Kill la Kill The Game: IF Review: A Colorfully Lackluster Title That Falls Short of Expectations

Kill la Kill stands as one of anime’s most colorful series to date, and it has developed one [...]

Kill la Kill stands as one of anime's most colorful series to date, and it has developed one hell of a reputation. Its flashy fight sequences have become as popular as its fan-service, and fans have been begging for more Kill la Kill since the anime ended. Those wishes were granted when Bandai Namco teamed up with Arc System Works to make a console title befitting of Ryuko, but there is a simple snag...

As colorful as it may be, Kill la Kill The Game: IF is no accomplished feat. Its beautiful animation cannot be denied, but fans will be left wanting after seeing the game's mechanics and story modes.

To begin, Kill la Kill The Game: IF follows a similar pattern which most anime games are drawn towards. It is formatted as an arena-fighter with gorgeous 3D, cel-shaded artwork. Studio Trigger, the company behind the original anime, lent a hand in overseeing designs for this fighter and it shows. Every character comes off vibrantly which does justice to the original TV series. However, style does not make for substance in Kill la Kill The Game: IF.

(Photo: Arc System Works)

The fighting mechanics of the game are simple enough. Each character has flashy animated combos as well as homing moves. There are various counters to keep players darting across the battlefield, but the real trouble comes next. One major issue with Kill la Kill The Game: IF has to do with its camera system. For a fighter that values movement, the camera rarely focuses when you need it to, and there is no way to auto-focus. Any fight involving multiple enemies becomes an undue pain thanks to the camera, and then you have to do some real trial-and-error to get each characters' combat options down.

Kill la Kill The Game: IF has your standard bag of combo sets available, but players will simply mash through the game unless they spend time with each character. There are innovative tools like Bloody Valor which can turn the tide of a game. This specific tool is a mid-game aside you can trigger in hopes of getting a power boost or possible damage heal. The mechanism is a glorified round of rock-paper-scissors, but gamers would never know it exists unless they happened upon the command. In fact, special techniques such as these are often glossed over in favor of button-mashing, which gets old fast whether your playing against a computer or a friend in multiplayer.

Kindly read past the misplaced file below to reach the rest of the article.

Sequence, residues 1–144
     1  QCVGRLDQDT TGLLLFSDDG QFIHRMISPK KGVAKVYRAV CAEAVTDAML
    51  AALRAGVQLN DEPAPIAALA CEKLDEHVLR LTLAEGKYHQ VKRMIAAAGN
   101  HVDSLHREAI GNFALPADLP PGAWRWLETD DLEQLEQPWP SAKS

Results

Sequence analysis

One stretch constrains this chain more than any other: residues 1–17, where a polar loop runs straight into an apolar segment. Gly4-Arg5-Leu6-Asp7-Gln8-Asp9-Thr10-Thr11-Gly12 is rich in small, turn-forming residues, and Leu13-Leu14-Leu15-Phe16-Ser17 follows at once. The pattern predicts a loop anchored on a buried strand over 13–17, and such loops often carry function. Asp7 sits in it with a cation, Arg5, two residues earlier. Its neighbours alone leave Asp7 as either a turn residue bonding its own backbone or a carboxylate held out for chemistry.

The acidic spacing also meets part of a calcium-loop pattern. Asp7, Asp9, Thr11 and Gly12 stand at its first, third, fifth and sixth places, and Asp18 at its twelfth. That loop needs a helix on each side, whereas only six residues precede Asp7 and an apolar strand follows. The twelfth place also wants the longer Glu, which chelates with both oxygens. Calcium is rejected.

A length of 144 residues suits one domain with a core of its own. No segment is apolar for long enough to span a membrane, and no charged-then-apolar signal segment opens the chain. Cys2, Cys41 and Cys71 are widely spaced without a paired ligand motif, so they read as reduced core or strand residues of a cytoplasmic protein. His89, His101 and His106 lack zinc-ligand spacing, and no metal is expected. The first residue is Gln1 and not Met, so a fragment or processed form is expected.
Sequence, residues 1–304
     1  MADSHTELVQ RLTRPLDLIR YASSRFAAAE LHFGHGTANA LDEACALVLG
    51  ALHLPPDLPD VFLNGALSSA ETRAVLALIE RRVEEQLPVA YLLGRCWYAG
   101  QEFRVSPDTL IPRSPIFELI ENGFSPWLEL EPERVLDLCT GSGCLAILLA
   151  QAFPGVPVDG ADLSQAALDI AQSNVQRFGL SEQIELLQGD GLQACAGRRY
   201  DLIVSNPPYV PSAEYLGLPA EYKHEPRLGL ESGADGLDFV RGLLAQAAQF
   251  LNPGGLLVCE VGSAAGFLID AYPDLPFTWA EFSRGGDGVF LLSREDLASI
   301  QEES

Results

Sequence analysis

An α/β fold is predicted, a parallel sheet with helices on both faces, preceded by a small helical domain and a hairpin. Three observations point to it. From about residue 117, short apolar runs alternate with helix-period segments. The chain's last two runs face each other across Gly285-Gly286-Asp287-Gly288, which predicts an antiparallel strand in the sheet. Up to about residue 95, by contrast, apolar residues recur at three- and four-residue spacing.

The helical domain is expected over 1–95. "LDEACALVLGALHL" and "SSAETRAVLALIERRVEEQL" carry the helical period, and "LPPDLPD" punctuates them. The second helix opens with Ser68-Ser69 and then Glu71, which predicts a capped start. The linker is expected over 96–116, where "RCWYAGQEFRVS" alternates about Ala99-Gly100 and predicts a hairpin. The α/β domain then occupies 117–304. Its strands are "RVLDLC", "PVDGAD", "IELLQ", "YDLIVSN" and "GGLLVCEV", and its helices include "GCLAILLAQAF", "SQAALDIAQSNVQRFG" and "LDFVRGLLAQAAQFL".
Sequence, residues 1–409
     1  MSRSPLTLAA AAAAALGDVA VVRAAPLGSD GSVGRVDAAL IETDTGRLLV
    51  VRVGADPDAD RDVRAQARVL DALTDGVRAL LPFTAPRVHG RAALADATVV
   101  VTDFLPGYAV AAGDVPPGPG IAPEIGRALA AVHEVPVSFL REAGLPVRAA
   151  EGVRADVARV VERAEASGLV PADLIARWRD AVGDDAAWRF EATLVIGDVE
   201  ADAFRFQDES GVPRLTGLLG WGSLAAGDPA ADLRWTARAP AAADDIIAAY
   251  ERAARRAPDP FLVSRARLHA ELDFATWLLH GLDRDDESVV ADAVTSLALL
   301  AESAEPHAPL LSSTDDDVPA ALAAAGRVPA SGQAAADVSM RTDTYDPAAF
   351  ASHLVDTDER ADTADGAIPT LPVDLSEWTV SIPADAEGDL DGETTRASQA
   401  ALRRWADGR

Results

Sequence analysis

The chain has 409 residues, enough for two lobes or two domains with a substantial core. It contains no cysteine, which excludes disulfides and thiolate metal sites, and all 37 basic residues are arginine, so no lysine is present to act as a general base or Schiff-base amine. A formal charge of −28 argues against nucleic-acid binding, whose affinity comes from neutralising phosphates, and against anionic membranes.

Oh, and as for online play? You won't be able to unlock that rather limited feature until you progress six chapters into the story mode.

All of the game's combat mechanics may be simple to pick up, but their repetitiveness will bore even the most casual gamers before long. This is made even worse by the fact Kill la Kill The Game: IF has such a small fighter roster of 12 characters. While DLC has been promised, it doesn't take long to get a feel for each character, and their lackluster controls get tedious. What will grab interest is the story mode of Kill la Kill The Game: IF... that is, if you can with some wonky pacing.

Again, the artwork of Kill la Kill The Game: IF is gorgeous, and that is never made clearer than in the single-player story mode. The voice actor is superb, and there is no denying the time spent on each cutscene's quality animation. However, each cutscene is lengthy to say the least, and Kill la Kill newbies will be left scratching their heads; This game expects you to be very familiar with the anime before jumping in, and it's not keen on giving any meaningful recaps. The scenes which go over the Kill la Kill anime are very brief, and its choppy pacing will tempt fans into skipping cutscenes just to get to a fight scene at long last.

Kill la Kill The Game: IF held promise of being so much more to longtime fans of Honnouji Academy, but it falls short in almost every way. Its limited online play cripples the game's competitive chances, and casual gamers will be left confused by this title's story though enamored by its artwork. Dedicated fans will no doubt stick through the game if not for Satsuki fan service, but an overly complicated story mode will drag some away. If a visual feast is all you need, then Kill la Kill The Game: IF isn't the worst pick, but this certainly isn't a successor that will meet fans' expectations.

Rating: 2 out of 5

Kill la Kill The Game: IF is currently available on PlayStation 4, Nintendo Switch, and PC. A PS4 review code was provided by the publisher for the purpose of this review.